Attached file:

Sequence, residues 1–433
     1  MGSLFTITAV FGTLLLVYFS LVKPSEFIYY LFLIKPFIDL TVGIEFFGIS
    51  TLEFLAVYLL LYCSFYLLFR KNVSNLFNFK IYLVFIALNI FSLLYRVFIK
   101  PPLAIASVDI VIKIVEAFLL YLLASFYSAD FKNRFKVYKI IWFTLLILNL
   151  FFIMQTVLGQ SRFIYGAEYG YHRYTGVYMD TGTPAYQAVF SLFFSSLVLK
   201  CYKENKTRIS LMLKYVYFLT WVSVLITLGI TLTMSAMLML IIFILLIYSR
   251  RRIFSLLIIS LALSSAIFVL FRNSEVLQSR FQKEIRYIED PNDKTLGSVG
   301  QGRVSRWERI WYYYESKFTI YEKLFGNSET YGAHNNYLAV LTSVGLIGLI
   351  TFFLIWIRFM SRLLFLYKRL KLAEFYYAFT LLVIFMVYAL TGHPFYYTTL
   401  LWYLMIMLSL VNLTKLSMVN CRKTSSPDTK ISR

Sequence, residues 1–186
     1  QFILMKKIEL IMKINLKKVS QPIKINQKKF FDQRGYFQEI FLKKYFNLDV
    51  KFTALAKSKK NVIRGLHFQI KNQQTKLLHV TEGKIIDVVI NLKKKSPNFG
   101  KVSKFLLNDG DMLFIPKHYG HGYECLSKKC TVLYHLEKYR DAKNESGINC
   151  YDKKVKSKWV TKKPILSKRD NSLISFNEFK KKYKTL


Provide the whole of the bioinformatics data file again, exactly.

Sequence, residues 1–433
     1  MGSLFTITAV FGTLLLVYFS LVKPSEFIYY LFLIKPFIDL TVGIEFFGIS
    51  TLEFLAVYLL LYCSFYLLFR KNVSNLFNFK IYLVFIALNI FSLLYRVFIK
   101  PPLAIASVDI VIKIVEAFLL YLLASFYSAD FKNRFKVYKI IWFTLLILNL
   151  FFIMQTVLGQ SRFIYGAEYG YHRYTGVYMD TGTPAYQAVF SLFFSSLVLK
   201  CYKENKTRIS LMLKYVYFLT WVSVLITLGI TLTMSAMLML IIFILLIYSR
   251  RRIFSLLIIS LALSSAIFVL FRNSEVLQSR FQKEIRYIED PNDKTLGSVG
   301  QGRVSRWERI WYYYESKFTI YEKLFGNSET YGAHNNYLAV LTSVGLIGLI
   351  TFFLIWIRFM SRLLFLYKRL KLAEFYYAFT LLVIFMVYAL TGHPFYYTTL
   401  LWYLMIMLSL VNLTKLSMVN CRKTSSPDTK ISR

Sequence, residues 1–186
     1  QFILMKKIEL IMKINLKKVS QPIKINQKKF FDQRGYFQEI FLKKYFNLDV
    51  KFTALAKSKK NVIRGLHFQI KNQQTKLLHV TEGKIIDVVI NLKKKSPNFG
   101  KVSKFLLNDG DMLFIPKHYG HGYECLSKKC TVLYHLEKYR DAKNESGINC
   151  YDKKVKSKWV TKKPILSKRD NSLISFNEFK KKYKTL